by Gina Myers
This October, Kenneth Hughes will screen his short film Donkey Punch and offer a free workshop at Bay City’s Hell’s Half Mile Film Festival. Hughes is no stranger to HHM. In the second year of the festival, he screened his feature film Bad Dog and Superhero, which won the “Stand Up for the Stand Out Award,” and he screened his short film The Tapster last year.
In 2007, Hughes was impressed with what he saw when he arrived in Bay City. “There was a real artistic community that was there to support the festival, and it was really impressive to be around.” He was also pleased with how his first feature film, which he wrote, produced, directed, and acted in, was received. “I realized I made this crazy piece, this twisted musical. And it turns out the people I like liked the film.”
Though he was born in Pontiac and lived in Detroit until age three, Hughes sees himself as a true Los Angeleno. And it was because of this that he got involved in film. “Since I grew up in Los Angeles, I really grew up in [the industry] and around it.” He made his first films on a Super 8 at an arts day camp for kids in a park on Hollywood Boulevard. “I made Kenneth Karate Killer and Midget Murder,” he laughs. “I must have been around eight years old.” However, it wasn’t until the mid-80s that he got his union card and started acting professionally.
Before creating Bad Dog and Superhero, Hughes had made six short films, which ran at about twenty minutes each. He realized that a feature film is only about three-and-a-half shorts, and he decided to go for it. To create the film, he did everything himself, including spending a few thousand dollars, and with a couple of friends he was able to pull everything together. Hughes describes the outcome as “sloppy and dirty,” but intentionally so.
The Tapster, which screened at last year’s festival, re-envisions former Senator Larry Craig’s notorious bathroom stall incident at the Minneapolis-St. Paul International Airport as a tap dance routine. The short, which is about three minutes in length, can now be viewed on the popular website Funny or Die (funnyordie.com).
For this year’s entry, Donkey Punch, Hughes worked with a pretty impressive team, including executive producer Anthony Russo. The film is written by John Hlavin, who is a writer on The Shield, and stars Jay Karns, also from The Shield, and Ann Russo. This experience was “real to the working model of the business,” explains Hughes. “There are benefits to collaborating with more people and some drawbacks too. For example, they may have one idea on how to do something, and you may have a different idea, so you have to compromise. But the benefits on this project were remarkable. Their reputations got people’s attention and we even did red carpet interviews and had a huge after party at one film fest in Hollywood we screened at.” When asked how he was connected with this project in the first place, Hughes explains, “I met Anthony and Ann because our kids play together.”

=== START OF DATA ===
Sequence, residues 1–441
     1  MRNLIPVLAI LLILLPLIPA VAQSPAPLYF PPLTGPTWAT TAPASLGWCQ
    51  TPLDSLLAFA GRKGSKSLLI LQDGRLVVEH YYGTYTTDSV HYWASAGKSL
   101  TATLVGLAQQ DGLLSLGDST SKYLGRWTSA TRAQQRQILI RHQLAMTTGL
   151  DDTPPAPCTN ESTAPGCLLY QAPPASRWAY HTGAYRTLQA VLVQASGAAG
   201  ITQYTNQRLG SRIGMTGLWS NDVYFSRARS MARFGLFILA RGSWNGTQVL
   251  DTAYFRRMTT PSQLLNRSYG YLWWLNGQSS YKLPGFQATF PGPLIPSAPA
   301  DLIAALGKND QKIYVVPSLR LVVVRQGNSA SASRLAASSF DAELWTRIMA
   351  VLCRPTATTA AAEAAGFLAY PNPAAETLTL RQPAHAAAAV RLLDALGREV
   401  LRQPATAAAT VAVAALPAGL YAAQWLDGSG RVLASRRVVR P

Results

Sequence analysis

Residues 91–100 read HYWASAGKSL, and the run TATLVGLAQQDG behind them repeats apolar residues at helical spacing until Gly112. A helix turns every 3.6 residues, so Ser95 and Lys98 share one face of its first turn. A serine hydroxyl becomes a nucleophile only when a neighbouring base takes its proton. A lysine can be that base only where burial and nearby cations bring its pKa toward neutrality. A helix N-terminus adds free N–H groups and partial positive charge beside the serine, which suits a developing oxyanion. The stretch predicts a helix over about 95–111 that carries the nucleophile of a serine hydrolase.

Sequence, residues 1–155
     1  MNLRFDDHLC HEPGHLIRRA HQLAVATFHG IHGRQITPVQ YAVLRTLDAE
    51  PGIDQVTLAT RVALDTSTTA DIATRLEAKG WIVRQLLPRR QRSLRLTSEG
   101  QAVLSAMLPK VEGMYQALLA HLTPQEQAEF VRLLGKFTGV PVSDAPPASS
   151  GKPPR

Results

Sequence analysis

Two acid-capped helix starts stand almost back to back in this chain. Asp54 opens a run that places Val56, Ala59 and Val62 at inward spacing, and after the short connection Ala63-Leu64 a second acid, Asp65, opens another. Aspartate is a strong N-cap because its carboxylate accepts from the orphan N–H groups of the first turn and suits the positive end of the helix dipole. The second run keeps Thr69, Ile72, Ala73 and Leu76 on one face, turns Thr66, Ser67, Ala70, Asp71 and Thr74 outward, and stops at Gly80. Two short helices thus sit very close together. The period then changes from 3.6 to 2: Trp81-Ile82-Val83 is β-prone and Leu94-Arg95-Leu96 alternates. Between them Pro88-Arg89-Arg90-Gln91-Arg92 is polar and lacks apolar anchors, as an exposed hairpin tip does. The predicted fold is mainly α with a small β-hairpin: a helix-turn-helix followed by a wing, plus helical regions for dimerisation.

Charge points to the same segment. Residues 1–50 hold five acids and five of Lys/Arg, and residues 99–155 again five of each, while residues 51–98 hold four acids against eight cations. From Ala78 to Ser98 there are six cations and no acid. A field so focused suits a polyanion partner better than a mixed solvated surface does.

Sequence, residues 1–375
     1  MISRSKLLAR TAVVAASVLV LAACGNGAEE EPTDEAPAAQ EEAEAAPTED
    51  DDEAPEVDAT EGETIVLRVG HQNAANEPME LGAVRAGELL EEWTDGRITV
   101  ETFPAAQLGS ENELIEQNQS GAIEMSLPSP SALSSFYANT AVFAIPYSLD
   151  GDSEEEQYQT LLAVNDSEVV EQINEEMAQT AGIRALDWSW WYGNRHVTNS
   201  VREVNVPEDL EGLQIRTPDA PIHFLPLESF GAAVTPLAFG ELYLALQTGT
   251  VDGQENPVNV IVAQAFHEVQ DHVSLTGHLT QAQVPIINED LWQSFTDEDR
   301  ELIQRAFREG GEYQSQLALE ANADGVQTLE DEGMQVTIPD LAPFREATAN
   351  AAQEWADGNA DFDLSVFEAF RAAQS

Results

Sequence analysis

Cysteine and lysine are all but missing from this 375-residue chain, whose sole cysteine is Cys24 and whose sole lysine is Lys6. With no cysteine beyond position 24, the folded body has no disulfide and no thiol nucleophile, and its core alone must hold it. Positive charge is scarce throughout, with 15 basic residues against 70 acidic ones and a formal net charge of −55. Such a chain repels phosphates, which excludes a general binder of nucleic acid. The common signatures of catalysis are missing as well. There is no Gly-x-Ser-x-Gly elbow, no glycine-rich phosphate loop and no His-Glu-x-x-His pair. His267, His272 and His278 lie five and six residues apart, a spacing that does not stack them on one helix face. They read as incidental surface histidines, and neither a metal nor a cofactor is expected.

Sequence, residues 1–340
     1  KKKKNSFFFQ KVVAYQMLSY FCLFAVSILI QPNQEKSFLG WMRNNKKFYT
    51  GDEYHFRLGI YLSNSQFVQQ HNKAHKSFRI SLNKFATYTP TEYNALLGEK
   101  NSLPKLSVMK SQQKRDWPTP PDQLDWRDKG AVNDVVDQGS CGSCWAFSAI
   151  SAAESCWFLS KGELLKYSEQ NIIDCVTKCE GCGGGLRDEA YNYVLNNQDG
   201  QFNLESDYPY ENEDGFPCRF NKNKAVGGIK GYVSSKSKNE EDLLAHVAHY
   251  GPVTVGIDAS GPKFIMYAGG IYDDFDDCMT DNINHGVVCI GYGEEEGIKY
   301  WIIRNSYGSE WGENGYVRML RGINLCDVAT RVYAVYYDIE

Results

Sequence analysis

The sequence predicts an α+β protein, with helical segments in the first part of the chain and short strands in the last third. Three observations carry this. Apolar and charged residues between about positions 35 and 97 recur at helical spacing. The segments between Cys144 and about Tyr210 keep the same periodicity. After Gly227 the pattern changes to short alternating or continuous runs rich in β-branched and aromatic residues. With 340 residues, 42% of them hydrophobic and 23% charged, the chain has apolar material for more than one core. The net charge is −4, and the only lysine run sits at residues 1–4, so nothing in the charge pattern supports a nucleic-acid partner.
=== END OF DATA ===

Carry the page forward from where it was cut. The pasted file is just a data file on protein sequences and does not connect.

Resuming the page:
While at times luck may come into play, it is really up to the individual to take action for him or herself, and that is something Hughes plans on stressing in his free workshop at HHM. “I noticed the website says it is for beginning and intermediate filmmakers, but really it is for any level of filmmaker. What I plan on telling them is the same thing I tell anyone.”
Hughes has noticed two types of filmmakers: those who are artists making only what they want but never making any money, and then there are those who are making money who are not making the things they want to be making. And he believes he has the right advice and insight for both of these groups to be financially and artistically successful.
“Passion is important. Making something is important. I see so many people who attend festivals and during the Q & A ask, ‘How much money did it cost? How did you get that actor?’ and so on. It’s like they believe they can’t make something if they don’t have what I have. But they can make something with what they do have.” In addition to providing showbiz insight, Hughes will also share tools, things like free scriptwriting software programs and production programs.
Since he last attended HHM in 2007, Hughes has been very busy, and he has a lot of new projects. He recently appeared in the short A Little Step with Japanese star Tsuyoshi Ihara, and he acted in Time Buddies (timebuddiesmovie.com), which will be out in 2010. Also in 2010, Hughes will appear in the indie feature Einstein’s God Model, a film he also helped produce. He says more and more he has been getting involved with projects as an actor and producer.
For now, Hughes is looking forward to returning to Hell’s Half Mile. “I really believe this thing is going to grow in serious ways.” He tries to support the festival by telling other people about it and recommending films. One of the things that have stayed with him from his previous visit is the support and the spirit of the community. “It’s happening in an area where you wouldn’t expect it, and it is a wonderful thing.” Another thing that has stayed with him are the buildings in downtown Bay City. “There are these cheap, empty, amazing spaces, like the Masonic Temple where they screen some of the films. Just amazing potential.”
This year’s Hell’s Half Mile takes place on October 1st – 4th. For more information, visit http://baycityhhmfest.com.